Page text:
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Audubon View

Water brings life to the desert, so it’s no wonder the city of Phoenix was founded on a river, the Río Salado, or Salt River. And like so many cities, Phoenix has had a love-hate relationship with its river.

Long ago the Río Salado teemed with wildlife, including coyotes and javelinas and hundreds of species of birds. First the ancient Huhugam people and then other native communities used the river to water their crops and serve their needs for more than 1,600 years. After European-American settlers arrived, both people and wildlife continued to prosper along the river. Then things changed.

As the growing community’s water needs increased, dams were constructed upstream to store the water. Soon the river downstream went dry, and the vegetation along its banks disappeared. The wildlife disappeared, too. Eventually the dry river-bed became a dumping place for discarded tires, appliances, and trash. What remained beyond its banks was a low-income inner-city community, mostly Hispanic and African-American, defined by an abandoned river left to become a landfill.

Starting in 2001 the City of Phoenix began partnering with the U.S. Army Corps of Engineers, Audubon Arizona, and others on a bold initiative to revitalize its downtown southside. The plan started by restoring a five-mile stretch of the Río Salado riverbed, from 16th Street to 19th Avenue. First the partners hauled away more than 1,200 tons of old tires and truckload after truckload of accumulated landfill material. Then they dug out a flood control channel in the old riverbed, and planted some 75,000 native trees and plants, including willows and cottonwoods and 40 acres of mesquite bosque. On top of that, they created 57 acres of wetlands, and built 16 miles of hiking, biking, and equestrian trails. With habitat restored, the javelinas and coyotes returned, along with a host of other species, including muskrats and jackrabbits, great blue herons and Lucy’s warblers, and monarchs, damselflies, and dragonflies. People started to notice as well.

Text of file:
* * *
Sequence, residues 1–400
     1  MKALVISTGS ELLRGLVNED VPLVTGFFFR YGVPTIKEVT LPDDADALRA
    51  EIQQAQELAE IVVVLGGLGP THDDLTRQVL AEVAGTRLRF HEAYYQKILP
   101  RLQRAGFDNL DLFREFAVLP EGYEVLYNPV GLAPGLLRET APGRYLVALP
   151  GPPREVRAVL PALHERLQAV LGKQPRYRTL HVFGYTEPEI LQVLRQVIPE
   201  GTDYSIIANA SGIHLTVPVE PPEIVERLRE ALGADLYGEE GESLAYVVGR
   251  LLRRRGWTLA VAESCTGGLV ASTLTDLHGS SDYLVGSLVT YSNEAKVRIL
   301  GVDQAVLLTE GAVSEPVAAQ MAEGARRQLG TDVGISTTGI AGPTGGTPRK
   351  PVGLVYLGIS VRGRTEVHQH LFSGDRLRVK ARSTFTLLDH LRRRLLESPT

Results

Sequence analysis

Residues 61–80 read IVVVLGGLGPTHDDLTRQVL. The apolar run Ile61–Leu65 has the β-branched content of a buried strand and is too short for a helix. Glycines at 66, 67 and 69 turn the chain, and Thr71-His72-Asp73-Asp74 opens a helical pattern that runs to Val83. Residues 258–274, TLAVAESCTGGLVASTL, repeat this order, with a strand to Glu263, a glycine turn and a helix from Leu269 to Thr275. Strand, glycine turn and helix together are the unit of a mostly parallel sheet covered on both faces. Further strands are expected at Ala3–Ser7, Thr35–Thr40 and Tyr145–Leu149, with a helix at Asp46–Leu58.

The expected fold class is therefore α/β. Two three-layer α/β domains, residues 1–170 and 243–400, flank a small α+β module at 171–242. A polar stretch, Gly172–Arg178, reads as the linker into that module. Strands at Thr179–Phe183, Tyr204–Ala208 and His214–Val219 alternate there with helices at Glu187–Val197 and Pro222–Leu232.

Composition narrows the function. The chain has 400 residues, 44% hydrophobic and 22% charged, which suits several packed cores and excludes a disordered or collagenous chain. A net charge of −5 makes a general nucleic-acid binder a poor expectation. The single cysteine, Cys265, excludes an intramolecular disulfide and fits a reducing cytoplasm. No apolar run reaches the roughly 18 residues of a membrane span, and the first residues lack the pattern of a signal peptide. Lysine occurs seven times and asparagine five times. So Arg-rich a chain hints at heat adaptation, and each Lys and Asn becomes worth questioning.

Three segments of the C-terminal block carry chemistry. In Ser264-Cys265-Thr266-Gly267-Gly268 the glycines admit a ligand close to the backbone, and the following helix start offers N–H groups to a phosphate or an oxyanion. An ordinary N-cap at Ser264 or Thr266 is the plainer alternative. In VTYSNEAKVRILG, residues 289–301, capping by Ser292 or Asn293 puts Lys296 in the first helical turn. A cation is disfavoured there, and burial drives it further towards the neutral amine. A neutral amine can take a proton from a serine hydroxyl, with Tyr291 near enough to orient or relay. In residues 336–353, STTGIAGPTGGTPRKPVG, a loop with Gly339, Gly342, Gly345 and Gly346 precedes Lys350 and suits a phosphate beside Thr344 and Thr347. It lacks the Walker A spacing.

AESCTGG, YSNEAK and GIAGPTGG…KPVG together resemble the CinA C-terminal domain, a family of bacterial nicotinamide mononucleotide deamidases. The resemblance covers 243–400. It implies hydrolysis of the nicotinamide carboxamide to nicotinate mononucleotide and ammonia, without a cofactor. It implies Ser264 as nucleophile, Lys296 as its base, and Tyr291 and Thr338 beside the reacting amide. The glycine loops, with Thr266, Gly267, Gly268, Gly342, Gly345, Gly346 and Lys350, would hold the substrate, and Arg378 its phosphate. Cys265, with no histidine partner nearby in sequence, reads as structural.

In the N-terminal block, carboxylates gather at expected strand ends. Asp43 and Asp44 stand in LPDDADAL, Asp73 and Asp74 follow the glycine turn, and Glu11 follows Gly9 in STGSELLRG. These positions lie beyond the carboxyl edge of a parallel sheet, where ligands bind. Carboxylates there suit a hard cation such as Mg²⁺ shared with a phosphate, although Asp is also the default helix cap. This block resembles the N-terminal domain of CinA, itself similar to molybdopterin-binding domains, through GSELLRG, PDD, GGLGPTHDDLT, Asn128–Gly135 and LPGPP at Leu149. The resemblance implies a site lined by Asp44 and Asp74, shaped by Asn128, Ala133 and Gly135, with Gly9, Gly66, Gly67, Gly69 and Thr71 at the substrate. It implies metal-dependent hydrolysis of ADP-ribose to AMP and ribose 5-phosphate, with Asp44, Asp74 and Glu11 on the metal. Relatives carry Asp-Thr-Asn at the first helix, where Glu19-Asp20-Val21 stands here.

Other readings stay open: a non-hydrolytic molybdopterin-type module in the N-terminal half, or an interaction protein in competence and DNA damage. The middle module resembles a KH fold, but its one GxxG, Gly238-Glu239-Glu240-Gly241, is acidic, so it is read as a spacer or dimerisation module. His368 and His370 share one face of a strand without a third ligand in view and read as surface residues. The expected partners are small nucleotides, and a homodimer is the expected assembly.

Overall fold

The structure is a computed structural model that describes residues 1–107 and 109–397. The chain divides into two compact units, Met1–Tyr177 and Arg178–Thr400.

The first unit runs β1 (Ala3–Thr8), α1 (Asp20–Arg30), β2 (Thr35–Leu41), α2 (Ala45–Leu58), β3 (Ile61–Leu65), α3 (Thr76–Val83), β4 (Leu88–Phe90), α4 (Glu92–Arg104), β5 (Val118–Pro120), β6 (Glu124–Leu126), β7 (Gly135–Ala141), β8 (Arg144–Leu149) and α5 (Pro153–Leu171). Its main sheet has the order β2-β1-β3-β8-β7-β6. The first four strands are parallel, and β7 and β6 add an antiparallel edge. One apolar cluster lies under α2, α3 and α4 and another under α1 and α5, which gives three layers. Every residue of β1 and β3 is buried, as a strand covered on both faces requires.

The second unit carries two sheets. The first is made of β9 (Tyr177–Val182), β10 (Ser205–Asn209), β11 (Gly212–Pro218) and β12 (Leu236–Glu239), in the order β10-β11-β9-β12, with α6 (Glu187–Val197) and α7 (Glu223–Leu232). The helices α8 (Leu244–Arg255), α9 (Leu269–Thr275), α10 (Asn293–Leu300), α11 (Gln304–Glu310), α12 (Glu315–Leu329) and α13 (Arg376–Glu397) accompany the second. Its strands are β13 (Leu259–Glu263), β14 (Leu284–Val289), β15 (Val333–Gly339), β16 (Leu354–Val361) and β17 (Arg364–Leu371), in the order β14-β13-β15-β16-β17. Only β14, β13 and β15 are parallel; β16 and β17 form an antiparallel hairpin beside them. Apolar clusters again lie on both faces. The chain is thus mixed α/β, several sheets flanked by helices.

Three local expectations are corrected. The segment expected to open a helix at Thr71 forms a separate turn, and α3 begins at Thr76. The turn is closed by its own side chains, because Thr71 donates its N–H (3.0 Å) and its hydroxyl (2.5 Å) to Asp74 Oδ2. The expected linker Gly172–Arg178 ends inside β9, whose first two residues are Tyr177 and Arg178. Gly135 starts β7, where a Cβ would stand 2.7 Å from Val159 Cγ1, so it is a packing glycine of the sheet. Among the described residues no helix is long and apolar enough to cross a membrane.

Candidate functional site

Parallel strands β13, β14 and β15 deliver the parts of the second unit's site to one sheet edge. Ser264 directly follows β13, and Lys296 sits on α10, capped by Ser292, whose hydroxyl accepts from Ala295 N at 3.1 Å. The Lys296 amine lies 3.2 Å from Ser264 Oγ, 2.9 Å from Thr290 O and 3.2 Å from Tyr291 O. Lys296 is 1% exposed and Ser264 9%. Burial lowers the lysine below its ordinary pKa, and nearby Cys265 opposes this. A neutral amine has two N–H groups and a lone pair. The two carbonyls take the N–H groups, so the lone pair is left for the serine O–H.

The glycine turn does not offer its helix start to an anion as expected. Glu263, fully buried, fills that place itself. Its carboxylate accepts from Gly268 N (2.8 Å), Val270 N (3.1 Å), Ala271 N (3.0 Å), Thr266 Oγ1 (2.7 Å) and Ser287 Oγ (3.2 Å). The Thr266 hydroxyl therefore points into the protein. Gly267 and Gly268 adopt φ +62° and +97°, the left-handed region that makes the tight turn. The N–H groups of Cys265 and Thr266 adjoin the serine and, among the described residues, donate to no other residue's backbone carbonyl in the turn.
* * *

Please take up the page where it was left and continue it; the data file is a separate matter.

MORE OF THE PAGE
Audubon’s role in this partnership has been generating private support to create an Audubon Center where people can access the restored river corridor and trails in the heart of the city, right where the Salt River crosses Central Avenue. Thanks to generous donors and dozens of hardworking volunteers, the $7 million campaign was successful, and the Nina Mason Pulliam Río Salado Audubon Center will open in June for children, families, and other visitors to enjoy.

The construction of the Río Salado Audubon Center is an important step in revitalizing the local economy of South Phoenix, the beloved home of generations of Arizonans and new immigrants alike. Victor Vidales grew up here in the 1970s and 1980s, and has stayed to raise his family and run his small business. Early on he recognized that a new Audubon Center would help his urban community, so he volunteered to join the effort to make it a reality. Today he is a member of the Audubon Arizona board of directors. Victor sums up the experience this way: “When I was a teenager, I’d go to the Río Salado dump site to break glass. Now my children will go to the Audubon Center there to break the cycle of poverty.”

Audubon is building centers in other cities across the country. We need your help, especially in these challenging economic times. To learn more about what you can do, visit Audubon.org.

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